'The Neon Demon' Early Buzz: Nicholas Winding Refn Polarizes Cannes, As Expected

I don't think anyone was expecting a unanimous reaction to Nicolas Winding Refn's The Neon Demon. Refn's horror film just screened at the Cannes Film Festival, and the critical response was mixed, to say the least. Some have claimed the reaction was even more divisive than when Only God Forgives debuted at the festival — which likely pleases Refn, who never attempts to satisfy all audiences. "I can only say if you've polarized, you've done something right," he once said. "If everyone likes it, you've done something wrong."

Check out The Neon Demon early buzz below.

After the press screening for The Neon Demon, there were some boos and a few "critics" went as far as to yell obscenities at the screen, but that's par for the course with Cannes. Even Taxi Driver and David Cronenberg's Crash were both booed at the festival. It's not worth taking seriously, and plenty in attendance for The Neon Demon praised Refn for his dreamlike horror movie.

Here are a few excerpts from the first reviews of The Neon Demon:

The Telegraph:

Sour milk and fresh meat is more or less what Refn has been serving cinema-goers for years. That his most celebrated film, 2011's Drive, went on to become a serious commercial hit now seems like some kind of bizarre accident. His latest is another work of zero artistic compromise – a glittering, etherised nightmare, drenched in cold sweat, with a dark, coiled-panther energy that springs at you in fitful, snarling bursts.

It's by far the most divisive film to have screened in competition at Cannes this year: before the end credits had even begun to roll, some audience members were already on their feet, yelling abuse at the screen. (It's only fair to report there was also a phalanx of applauders, of which I was one.)

The Wrap:

But who goes to a Refn movie for good taste? (Although his last film, "Only God Forgives," went so far overboard as to be almost repellent.) You could say that the director never knows when to stop — but it's probably more accurate to say that he knows exactly when to stop, but doesn't give a damn.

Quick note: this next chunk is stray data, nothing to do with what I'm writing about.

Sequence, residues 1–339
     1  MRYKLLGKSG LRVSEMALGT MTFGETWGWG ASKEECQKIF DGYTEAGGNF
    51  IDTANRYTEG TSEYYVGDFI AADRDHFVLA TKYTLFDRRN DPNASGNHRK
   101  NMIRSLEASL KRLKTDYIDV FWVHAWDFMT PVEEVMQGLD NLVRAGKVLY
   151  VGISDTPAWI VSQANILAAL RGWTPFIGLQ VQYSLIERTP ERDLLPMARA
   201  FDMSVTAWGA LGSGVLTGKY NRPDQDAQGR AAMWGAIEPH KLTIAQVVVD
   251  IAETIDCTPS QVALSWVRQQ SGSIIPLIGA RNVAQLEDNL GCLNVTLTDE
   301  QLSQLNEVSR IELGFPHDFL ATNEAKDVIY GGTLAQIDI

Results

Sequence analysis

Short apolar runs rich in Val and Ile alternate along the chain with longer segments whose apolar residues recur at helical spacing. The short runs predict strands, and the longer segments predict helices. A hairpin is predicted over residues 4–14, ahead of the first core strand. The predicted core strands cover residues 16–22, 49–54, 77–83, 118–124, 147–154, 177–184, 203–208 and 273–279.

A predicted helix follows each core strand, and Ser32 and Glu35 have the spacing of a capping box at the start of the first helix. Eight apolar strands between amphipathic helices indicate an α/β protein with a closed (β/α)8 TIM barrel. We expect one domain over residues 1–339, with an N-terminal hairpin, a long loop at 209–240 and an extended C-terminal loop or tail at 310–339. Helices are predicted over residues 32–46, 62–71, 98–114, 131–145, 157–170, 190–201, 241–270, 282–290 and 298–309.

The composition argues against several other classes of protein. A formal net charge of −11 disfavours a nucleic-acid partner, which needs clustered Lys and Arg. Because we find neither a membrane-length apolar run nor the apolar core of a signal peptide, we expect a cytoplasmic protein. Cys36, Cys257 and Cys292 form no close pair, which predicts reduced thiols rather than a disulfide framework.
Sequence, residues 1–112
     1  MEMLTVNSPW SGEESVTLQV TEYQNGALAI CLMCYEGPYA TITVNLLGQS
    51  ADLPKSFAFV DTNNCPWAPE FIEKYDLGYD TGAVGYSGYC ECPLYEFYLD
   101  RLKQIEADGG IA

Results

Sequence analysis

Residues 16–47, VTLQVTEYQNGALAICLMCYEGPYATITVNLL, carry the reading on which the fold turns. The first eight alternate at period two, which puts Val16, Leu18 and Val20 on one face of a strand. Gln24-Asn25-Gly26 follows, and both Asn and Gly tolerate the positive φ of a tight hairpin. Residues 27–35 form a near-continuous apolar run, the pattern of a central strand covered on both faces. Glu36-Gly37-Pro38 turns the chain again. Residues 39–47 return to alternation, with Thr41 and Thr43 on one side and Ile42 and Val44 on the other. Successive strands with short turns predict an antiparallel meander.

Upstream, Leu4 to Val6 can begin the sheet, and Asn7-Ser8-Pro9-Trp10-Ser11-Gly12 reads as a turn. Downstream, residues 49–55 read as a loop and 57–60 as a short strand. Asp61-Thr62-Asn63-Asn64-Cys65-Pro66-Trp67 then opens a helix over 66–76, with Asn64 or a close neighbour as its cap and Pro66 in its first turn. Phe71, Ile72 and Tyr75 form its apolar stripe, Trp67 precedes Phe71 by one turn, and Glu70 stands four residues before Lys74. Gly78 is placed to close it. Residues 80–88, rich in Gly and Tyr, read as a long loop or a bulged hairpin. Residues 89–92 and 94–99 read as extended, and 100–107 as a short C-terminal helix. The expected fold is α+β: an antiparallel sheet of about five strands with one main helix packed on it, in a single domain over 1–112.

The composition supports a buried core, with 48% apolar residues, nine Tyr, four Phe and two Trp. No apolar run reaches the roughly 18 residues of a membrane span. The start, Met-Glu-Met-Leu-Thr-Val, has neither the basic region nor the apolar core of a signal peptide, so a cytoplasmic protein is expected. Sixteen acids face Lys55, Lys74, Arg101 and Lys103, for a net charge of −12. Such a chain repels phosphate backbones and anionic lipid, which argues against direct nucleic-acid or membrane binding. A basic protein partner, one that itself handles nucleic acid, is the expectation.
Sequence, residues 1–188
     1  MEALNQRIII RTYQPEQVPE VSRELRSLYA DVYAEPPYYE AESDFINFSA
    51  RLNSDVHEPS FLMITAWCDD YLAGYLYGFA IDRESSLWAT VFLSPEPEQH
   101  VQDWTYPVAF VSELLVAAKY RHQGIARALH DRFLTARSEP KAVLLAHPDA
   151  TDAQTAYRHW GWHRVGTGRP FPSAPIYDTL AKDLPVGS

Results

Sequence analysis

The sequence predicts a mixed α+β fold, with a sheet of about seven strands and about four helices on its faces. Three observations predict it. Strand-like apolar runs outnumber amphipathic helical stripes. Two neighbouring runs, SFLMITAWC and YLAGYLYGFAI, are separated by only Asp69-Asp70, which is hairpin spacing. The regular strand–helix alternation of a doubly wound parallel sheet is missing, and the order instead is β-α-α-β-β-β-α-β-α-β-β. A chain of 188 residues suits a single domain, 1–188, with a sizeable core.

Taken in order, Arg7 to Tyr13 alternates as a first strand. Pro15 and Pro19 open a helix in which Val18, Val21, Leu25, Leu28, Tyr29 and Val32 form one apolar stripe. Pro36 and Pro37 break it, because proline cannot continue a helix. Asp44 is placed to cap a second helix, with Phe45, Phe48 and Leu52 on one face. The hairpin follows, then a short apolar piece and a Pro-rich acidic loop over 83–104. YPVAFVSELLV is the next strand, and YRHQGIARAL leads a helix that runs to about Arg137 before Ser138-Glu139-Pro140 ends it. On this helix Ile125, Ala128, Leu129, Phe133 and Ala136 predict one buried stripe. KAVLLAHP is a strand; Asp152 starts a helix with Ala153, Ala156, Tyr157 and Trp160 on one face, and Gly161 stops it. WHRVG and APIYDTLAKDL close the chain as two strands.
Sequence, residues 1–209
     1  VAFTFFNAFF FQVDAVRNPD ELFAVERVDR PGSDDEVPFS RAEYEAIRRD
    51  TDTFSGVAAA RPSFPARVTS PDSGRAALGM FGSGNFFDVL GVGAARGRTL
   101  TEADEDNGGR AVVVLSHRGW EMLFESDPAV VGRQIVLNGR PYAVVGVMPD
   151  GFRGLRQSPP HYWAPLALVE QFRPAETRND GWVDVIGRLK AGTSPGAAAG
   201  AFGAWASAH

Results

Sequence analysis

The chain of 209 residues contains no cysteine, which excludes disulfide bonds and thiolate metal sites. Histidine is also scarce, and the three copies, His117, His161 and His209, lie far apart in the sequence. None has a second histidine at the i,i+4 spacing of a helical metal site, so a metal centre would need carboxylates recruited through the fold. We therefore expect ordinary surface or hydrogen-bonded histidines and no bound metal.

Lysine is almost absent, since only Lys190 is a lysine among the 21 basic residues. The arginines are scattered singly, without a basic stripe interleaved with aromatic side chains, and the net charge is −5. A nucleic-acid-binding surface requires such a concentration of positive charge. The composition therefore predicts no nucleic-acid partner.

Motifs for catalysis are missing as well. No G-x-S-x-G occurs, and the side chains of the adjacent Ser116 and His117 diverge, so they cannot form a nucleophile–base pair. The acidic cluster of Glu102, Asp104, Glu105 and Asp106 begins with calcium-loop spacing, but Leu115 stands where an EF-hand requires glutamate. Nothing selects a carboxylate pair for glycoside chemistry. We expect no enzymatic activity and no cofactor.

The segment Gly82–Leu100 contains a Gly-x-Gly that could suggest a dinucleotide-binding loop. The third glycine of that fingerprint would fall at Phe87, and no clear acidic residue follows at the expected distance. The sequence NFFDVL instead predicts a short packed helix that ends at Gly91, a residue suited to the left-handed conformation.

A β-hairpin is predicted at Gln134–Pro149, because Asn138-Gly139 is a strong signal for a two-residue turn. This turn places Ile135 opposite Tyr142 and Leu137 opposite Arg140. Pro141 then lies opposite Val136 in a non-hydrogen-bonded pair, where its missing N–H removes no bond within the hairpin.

The Neon Demon" is worthy of those boos and that abuse, and you can't take it seriously for a second. But it's also ridiculously, gloriously, stupidly entertaining, if you're in the right mood.


A horror film is what "The Neon Demon" is (sort of). It's set in the Los Angeles fashion world, and it's the kind of movie in which models look like mannequins that look like slasher-film corpses, and corpses look like love objects, and love objects look like something you stare at in the mirror. Beauty mingles with mangled flesh, and each fastidiously slick image seems to have come out of "Twin Peaks: Fire Walk with Me" or "The Shining" or a very sick version of a Calvin Klein commercial. Every scene, every shot, every line of dialogue, every pause is so hypnotically composed, so knowingly overdeliberate, that the audience can't help but assume that Refn knows just what he's doing — that he's setting us up for the kill.

Little White Lies:

If Fanning is the film's lifeblood, then it's Refn himself who provides its unerring emotional centre. Another available reading is that this is Refn's poison valentine to Los Angeles: the place that once lured him with its bright artificial lights and perpetual sun, only to chew him up and spit him out following the commercial failure of his 2003 film Fear X; and, latterly, where he splits his time between his native Copenhagen. Los Angeles – and in Refn's case Hollywood – subsists on its own mythology, and Refn exposes this by chipping away at the concealer-smothered cracks at the city's glossy surface. Russ Meyer's Beyond the Valley of the Dolls and Dario Argento's Suspiria are obvious touchstones. There are hat-tips to far stranger, more obscure exploitation fare, too. But The Neon Demon is always, unequivocally a Nicolas Winding Refn film. We wouldn't have it any other way.


Nicolas Winding Refn's "The Neon Demon" begins with the initials "NWR" hovering onscreen alongside the opening credits, indicating that the filmmaker has — like Lars Von Trier before him — has become a self-anointed brand. However, "The Neon Demon" represents only a modest attempt to get his snazzy groove back after the drab art-film posturing of "Only God Forgives." This grotesque, hyperstylized treatise on the fashion industry recaptures some of the zany images and B-movie abstractions of Refn's crossover effort, "Drive," though it never quite gels on the same level of inspiration. But, sure, the brand is warranted — elegant, sensual, and blood drenched, this is a genuine NWR film on every level.

Here are a few tweeted reactions as well:

If you want to avoid spoilers, such as myself, I don't recommend reading some of the full reviews, which go into far greater detail about the plot (which some critics say there's little of) than the mysterious trailers have. If anything, these early reactions and reviews raise my expectations for The Neon Demon. It sounds like Refn has made another love-it-or-hate-it kind of film. Whether the movie is enjoyable or not, it's always commendable to see a filmmaker march to the beat of their own drum, no matter how many viewers they'll distance in the process.

The Neon Demon opens in limited release on June 24th.